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ES proposal: Object.entries() and Object.values()

The following ECMAScript proposal is at stage 4: “Object.values/Object.entries” by Jordan Harband. This blog post explains it.


This method has the following signature:

    Object.entries(value : any) : Array<[string,any]>

If a JavaScript data structure has keys and values then an entry is a key-value pair, encoded as a 2-element Array. Object.entries(x) coerces x to an Object and returns the entries of its enumerable own string-keyed properties, in an Array:

    > Object.entries({ one: 1, two: 2 })
    [ [ 'one', 1 ], [ 'two', 2 ] ]

Properties, whose keys are symbols, are ignored:

    > Object.entries({ [Symbol()]: 123, foo: 'abc' });
    [ [ 'foo', 'abc' ] ]

Object.entries() finally gives us a way to iterate over the properties of an object (read here why objects aren’t iterable by default):

    let obj = { one: 1, two: 2 };
    for (let [k,v] of Object.entries(obj)) {
        console.log(`${JSON.stringify(k)}: ${JSON.stringify(v)}`);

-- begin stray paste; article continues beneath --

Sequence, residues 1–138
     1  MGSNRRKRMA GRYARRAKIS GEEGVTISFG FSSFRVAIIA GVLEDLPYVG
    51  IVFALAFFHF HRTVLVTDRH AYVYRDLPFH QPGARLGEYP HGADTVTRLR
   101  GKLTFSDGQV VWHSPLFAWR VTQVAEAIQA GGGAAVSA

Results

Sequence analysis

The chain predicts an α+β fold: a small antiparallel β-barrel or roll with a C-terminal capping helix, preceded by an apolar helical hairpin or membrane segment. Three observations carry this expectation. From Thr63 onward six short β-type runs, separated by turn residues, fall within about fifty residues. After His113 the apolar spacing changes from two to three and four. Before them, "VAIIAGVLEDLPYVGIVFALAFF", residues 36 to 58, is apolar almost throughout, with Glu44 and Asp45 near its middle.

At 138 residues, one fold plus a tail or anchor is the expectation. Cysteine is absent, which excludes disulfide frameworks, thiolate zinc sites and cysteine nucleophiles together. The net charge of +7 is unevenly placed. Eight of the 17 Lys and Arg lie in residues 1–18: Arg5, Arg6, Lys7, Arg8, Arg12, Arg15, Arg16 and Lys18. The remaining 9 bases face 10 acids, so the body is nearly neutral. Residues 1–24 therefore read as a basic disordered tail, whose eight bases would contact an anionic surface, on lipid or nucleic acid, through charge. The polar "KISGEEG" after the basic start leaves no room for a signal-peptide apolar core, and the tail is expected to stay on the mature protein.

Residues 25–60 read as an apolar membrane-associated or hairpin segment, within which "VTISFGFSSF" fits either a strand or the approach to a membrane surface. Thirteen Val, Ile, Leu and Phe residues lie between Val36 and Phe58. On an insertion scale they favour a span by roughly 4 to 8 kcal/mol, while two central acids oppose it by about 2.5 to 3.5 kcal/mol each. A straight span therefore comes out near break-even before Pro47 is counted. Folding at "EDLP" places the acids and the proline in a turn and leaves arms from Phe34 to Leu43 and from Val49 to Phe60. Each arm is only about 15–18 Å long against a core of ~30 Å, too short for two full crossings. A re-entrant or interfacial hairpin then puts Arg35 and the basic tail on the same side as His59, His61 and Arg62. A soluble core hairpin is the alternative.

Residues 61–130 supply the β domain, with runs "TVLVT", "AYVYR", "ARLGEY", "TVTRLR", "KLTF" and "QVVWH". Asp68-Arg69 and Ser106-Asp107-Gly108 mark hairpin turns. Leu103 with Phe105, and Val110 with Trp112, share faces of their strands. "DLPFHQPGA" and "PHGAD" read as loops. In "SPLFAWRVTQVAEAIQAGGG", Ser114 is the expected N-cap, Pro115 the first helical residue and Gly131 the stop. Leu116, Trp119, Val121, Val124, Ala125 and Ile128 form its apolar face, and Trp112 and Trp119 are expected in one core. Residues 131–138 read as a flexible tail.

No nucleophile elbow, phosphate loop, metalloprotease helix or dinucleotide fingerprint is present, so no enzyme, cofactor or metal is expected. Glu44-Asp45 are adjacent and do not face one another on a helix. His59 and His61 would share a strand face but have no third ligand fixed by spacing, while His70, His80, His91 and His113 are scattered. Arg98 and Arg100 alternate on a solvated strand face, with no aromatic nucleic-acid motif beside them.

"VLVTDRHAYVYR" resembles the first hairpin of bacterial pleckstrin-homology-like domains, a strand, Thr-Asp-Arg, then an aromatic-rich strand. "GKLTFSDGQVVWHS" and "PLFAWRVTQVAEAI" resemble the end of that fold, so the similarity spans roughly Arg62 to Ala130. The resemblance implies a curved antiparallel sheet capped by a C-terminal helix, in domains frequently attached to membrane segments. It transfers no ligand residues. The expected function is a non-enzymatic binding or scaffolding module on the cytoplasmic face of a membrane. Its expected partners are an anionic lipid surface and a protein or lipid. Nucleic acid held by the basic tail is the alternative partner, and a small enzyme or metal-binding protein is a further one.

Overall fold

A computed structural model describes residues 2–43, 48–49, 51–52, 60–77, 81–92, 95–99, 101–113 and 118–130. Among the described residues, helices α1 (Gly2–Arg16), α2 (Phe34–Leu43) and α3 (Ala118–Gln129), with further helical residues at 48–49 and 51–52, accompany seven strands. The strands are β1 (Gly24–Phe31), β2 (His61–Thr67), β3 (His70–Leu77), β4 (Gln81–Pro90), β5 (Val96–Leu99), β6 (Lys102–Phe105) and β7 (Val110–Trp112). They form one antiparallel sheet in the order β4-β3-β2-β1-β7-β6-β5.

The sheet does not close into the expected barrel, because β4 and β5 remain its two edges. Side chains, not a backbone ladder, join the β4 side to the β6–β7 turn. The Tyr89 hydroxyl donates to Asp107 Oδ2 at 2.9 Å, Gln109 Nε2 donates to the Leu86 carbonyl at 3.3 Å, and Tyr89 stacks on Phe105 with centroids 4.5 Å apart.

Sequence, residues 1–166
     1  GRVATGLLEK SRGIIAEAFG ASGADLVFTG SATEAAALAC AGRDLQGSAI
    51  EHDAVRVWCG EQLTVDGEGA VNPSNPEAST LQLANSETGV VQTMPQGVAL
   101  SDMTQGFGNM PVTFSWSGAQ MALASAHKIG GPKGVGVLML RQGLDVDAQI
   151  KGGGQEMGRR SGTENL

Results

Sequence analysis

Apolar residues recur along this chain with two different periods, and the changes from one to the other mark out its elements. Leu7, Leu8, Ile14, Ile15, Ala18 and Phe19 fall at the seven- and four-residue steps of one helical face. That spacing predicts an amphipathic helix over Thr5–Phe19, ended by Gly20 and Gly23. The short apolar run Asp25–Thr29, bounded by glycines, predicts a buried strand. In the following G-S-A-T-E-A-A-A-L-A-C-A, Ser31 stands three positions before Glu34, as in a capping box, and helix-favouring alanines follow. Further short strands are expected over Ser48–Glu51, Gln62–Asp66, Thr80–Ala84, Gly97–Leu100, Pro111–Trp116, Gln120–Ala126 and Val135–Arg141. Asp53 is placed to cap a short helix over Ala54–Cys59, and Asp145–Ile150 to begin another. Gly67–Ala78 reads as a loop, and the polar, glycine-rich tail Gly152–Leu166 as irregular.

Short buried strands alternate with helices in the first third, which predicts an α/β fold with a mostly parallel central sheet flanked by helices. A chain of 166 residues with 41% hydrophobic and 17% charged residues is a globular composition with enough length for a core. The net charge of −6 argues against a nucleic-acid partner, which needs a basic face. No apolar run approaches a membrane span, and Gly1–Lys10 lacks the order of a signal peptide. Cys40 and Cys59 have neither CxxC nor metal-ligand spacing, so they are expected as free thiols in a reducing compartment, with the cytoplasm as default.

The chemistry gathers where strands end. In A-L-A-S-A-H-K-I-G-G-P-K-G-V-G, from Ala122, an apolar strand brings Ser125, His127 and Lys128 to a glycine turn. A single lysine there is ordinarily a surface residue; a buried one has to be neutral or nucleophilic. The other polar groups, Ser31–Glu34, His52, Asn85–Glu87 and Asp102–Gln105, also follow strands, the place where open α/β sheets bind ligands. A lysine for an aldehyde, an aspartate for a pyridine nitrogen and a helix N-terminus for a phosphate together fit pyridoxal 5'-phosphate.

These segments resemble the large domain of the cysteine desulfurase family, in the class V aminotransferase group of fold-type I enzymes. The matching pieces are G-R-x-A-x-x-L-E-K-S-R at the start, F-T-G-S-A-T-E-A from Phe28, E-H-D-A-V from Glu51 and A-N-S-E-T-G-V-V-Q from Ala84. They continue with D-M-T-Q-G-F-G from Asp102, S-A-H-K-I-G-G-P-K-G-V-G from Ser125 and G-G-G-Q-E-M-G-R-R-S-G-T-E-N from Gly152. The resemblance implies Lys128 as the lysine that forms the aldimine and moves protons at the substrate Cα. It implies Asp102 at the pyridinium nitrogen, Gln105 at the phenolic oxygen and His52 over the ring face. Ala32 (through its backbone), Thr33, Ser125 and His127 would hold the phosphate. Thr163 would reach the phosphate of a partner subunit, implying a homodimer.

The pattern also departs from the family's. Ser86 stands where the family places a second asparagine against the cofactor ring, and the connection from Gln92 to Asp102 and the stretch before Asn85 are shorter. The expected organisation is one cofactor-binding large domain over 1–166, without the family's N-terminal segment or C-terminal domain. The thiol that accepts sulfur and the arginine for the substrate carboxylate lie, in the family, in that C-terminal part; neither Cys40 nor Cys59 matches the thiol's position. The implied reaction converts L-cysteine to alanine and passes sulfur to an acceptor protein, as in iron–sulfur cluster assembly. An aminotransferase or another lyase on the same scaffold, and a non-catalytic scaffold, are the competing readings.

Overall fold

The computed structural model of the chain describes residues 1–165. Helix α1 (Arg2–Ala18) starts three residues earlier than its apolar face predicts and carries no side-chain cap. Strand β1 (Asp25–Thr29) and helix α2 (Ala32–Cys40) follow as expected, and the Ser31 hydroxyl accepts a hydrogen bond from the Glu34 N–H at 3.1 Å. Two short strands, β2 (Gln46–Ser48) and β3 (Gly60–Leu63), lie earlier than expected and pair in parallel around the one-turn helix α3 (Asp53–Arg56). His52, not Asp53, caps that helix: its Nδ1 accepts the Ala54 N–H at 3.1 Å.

// Output:
    // "one": 1
    // "two": 2

Setting up Maps via Object.entries()

Object.entries() also lets you set up a Map via an object. This is more concise than using an Array of 2-element Arrays, but keys can only be strings.

    let map = new Map(Object.entries({
        one: 1,
        two: 2,
        // [["one",1],["two",2]]

FAQ: Object.entries()

  • Why is the return value of Object.entries() an Array and not an iterator?
    The relevant precedent in this case is Object.keys(), not, e.g., Map.prototype.entries().

  • Why does Object.entries() only return the enumerable own string-keyed properties?
    Again, this is done to be consistent with Object.keys(). That method also ignores properties whose keys are symbols. Eventually, there may be a method Reflect.ownEntries() that returns all own properties.


Object.values() has the following signature:

    Object.values(value : any) : Array<any>

It works much like Object.entries(), but, as its name suggests, it only returns the values of the own enumerable string-keyed properties:

    > Object.values({ one: 1, two: 2 })
    [ 1, 2 ]

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